rata | Oct 31, 2012 |
Ursu, A. The Immortal Fire. New York: Atheneum Books for Young Readers.

510 pages (Yikes!).

Appetizer: In the final Cronus Chronicles novel, Charlotte is still recovering from the adventures in the last novel, The Siren Song. She and Zee are back at school, but all is not right in the world. They watch the news, knowing that the world is unravelling as the Greek gods stop hiding their existence from humanity.

Philonecron is keeping busy too, more certain than ever that he is going to become the ruler of the universe, he visits an Oracle and receives some disturbing news.

Zeus, the current ruler of the universe, is not a fan of all the new chaos. In fact, he thinks it might be time to be done with the silly humans for once and for all.

I have to say, I am sad that this series has ended. The narration of this series is so fun. I absolutely love Charlotte and the themes (sacrificing one for the many, the continuation of life after death, etc.). I just wish I wasn't reading these thick books under a dissertation related time frame. It puts a bit of a dampener on the enjoyment factor.)

I enjoyed The Immortal Fire immensely. The jumps back and forth in time made more sense with this book than with the second one. The voices of the gods were incredibly engaging. I also loved Philonecron's realization that Charlotte and he should be "frenemies."

Part of the reason I wish there were more books in this series is that the ending of The Immortal Fire did seem a little rushed. There are all these wonderful tensions about how the humans may have to rebel against the lazy-slacker Greek gods and I felt like that key conflict was dismissed too easily. Plus, I felt like I wasn't left with a clear picture of what Charlotte and Zee's life would be like after the events of the story. It was a little dissatisfying. (But also, since I'd hit page 500, I was also pretty ready to JUST BE DONE WITH THE BOOK!!!!)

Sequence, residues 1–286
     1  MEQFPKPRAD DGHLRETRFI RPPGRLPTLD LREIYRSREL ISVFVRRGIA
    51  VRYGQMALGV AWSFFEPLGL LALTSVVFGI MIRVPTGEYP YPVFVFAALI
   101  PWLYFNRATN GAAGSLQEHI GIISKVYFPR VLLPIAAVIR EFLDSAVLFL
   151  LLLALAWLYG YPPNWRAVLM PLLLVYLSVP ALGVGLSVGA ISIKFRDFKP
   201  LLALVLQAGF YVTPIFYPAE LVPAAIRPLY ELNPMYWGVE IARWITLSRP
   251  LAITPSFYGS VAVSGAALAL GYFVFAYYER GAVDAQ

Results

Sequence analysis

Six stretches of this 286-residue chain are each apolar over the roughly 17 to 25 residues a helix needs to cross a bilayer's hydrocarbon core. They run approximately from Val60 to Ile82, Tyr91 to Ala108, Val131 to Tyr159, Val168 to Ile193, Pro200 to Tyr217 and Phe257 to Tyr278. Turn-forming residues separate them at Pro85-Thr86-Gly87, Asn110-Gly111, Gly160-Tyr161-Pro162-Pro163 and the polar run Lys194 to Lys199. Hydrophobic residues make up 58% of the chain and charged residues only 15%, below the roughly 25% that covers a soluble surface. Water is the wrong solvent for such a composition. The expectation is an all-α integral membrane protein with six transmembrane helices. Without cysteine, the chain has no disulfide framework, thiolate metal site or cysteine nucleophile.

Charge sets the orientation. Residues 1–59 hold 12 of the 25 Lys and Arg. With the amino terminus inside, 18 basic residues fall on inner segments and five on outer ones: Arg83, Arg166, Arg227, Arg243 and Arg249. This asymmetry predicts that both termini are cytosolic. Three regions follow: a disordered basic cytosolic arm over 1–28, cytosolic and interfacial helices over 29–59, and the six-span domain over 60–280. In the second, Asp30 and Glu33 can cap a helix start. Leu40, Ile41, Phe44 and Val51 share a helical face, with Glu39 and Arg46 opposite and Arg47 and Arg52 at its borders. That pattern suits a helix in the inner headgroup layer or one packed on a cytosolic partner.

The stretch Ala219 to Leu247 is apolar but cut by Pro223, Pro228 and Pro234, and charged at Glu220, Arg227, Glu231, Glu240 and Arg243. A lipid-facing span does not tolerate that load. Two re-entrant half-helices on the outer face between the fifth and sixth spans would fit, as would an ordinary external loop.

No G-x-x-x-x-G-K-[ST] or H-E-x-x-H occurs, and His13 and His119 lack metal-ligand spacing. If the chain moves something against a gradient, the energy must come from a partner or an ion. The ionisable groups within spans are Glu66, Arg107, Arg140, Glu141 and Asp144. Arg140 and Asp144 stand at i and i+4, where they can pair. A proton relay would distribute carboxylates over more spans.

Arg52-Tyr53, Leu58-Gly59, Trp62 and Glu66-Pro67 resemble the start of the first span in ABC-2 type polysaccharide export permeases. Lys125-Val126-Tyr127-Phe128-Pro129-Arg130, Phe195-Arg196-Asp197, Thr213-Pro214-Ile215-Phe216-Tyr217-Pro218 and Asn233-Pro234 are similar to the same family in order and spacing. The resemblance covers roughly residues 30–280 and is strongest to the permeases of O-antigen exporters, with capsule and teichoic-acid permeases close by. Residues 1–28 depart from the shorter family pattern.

Dinner Conversation:

"At the cradle of civilization, close to the belly button of the world, there is a sea like no other on Earth. This sea is unique for many reasons--the particular wine-dark color of its water, the fact that it is at the nexus of three continents, and of course because of the vast population of Immortals who call it home. Up until about an hour ago, it was also unique because on it there sailed a yacht like no other--but there is not much of that yacht left anymore, thanks to the ministrations of a rather vengeful, extremely giant, giant squid" (p. ix).

"A few days later, half a world away, one ordinary eighth-grader girl was lying on the couch in her den, stroking her cat and feeling sick. There was nothing too extraordinary about this situation; this girl stayed home from school, and if you looked at her you would not be surprised. For Charlotte Mielswetzski (you know how to pronounce that by now, right? Meals-wet-ski?) was covered in gross yellow bruises and small cuts and wore her wrist in a splint and generally looked as if she had had an unfortunate encounter with a very large falling piano" (p. 3).

"The gods had retreated because Zeus didn't want to deal with humanity anymore. And they kept it so humanity didn't know they existed. That didn't mean they didn't interfere--some gods used the mortal realm as their playground, and people as their playthings. The policy seemed to be that they could do whatever they wanted as long as no one noticed them.
Well, people were noticing them now" (p. 11).